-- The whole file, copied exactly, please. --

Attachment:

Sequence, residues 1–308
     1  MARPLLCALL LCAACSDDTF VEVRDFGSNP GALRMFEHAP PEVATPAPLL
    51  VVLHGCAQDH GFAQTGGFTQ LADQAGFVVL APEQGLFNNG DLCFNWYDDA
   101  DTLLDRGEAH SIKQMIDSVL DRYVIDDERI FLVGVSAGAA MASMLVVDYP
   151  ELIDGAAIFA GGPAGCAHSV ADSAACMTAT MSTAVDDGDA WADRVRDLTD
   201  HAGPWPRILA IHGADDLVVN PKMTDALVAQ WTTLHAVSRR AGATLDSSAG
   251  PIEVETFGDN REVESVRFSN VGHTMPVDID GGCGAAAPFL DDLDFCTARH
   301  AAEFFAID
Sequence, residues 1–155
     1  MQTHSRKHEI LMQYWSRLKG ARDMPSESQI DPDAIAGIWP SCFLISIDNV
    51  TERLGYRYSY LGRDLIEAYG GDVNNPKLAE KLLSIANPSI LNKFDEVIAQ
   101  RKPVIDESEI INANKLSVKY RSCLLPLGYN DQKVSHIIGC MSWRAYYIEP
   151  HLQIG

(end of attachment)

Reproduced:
Sequence, residues 1–308
     1  MARPLLCALL LCAACSDDTF VEVRDFGSNP GALRMFEHAP PEVATPAPLL
    51  VVLHGCAQDH GFAQTGGFTQ LADQAGFVVL APEQGLFNNG DLCFNWYDDA
   101  DTLLDRGEAH SIKQMIDSVL DRYVIDDERI FLVGVSAGAA MASMLVVDYP
   151  ELIDGAAIFA GGPAGCAHSV ADSAACMTAT MSTAVDDGDA WADRVRDLTD
   201  HAGPWPRILA IHGADDLVVN PKMTDALVAQ WTTLHAVSRR AGATLDSSAG
   251  PIEVETFGDN REVESVRFSN VGHTMPVDID GGCGAAAPFL DDLDFCTARH
   301  AAEFFAID
Sequence, residues 1–155
     1  MQTHSRKHEI LMQYWSRLKG ARDMPSESQI DPDAIAGIWP SCFLISIDNV
    51  TERLGYRYSY LGRDLIEAYG GDVNNPKLAE KLLSIANPSI LNKFDEVIAQ
   101  RKPVIDESEI INANKLSVKY RSCLLPLGYN DQKVSHIIGC MSWRAYYIEP
   151  HLQIG